Before Wonder Woman


This year’s Wonder Woman is not Hollywood’s first attempt at showcasing a powerful leading female. Early film makers hinted at and teased audiences with portrayals of strong women.

The first Alice in Wonderland was released in 1903. The 1939 The Wizard of Oz is a well beloved musical film story about Dorothy’s struggles to return home.

The 1950s saw many exploitative representations of powerful women, including Cat-Women of the Moon (1953), Fire Maidens from Outer Space (1956), Queen of Outer Space (1958), The Wasp Woman (1959), The Leech Woman (1960), and Voyage to the Planet of Prehistoric Women (1968).

In the 1968 film, The Lion in Winter,  Henry II of England’s wife and adversary, Eleanor of Aquitaine, is the main female character. She became, through inheritance, marriage, and her own military actions one of the most powerful women in western Europe in the 12th century. She led armies and a Holy Crusade. The film exposed some of her strong aspects, while showing her as shrewish and manipulative.

The 1970s and 1980s, mirrored the 1950s with a continuation of strong women who were shown in erotic costumes and situations. Star Wars (1977) infamously showed Princess Leia in the slave outfit. Cat People (1982) gave the top female character a seductive beauty that enticed all men.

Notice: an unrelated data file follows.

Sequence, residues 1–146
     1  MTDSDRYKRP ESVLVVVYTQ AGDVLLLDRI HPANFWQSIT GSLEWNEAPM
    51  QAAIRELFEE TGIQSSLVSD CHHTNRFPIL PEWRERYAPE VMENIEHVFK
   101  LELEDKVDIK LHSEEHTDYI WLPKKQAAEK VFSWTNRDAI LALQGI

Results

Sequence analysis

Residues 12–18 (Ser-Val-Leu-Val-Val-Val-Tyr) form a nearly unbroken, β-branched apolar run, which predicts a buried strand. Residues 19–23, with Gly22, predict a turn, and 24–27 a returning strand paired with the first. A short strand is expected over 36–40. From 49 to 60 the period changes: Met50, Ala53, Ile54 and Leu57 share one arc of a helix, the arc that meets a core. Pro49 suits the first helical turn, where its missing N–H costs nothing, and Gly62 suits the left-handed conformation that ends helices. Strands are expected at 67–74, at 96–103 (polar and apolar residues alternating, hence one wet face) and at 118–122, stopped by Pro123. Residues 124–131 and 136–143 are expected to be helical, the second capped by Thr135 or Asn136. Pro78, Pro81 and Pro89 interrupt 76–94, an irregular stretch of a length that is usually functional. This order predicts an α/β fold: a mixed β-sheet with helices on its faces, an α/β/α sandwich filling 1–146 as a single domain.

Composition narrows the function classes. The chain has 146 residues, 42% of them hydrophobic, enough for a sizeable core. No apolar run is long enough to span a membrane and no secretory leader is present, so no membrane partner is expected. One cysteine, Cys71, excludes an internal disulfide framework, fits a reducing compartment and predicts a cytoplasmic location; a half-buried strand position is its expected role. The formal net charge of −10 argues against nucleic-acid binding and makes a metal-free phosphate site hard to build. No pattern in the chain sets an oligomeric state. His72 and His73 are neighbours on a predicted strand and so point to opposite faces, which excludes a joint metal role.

The 1990s saw only sight maturing of the vision of female powerful leads. Buffy the Vampire Slayer (1992) offered a humorous take on a superhero. Buffy attended high school and wisecracked while staking vampires.

In 2012, the Hunger Games film introduced a somewhat rounded character as the main warrior woman. Some have seen the character Katniss as showing agency, and nuanced responses to situations. She is neither completely confident, nor always fearful. She was a character in an action movie with feelings and complexity.


This year’s audience and critically acclaimed Wonder Woman movie gives us hope that the powerful female can be portrayed in ways that are not stereotyped and limited. I look forward to the future developments in strong female leads in movies.

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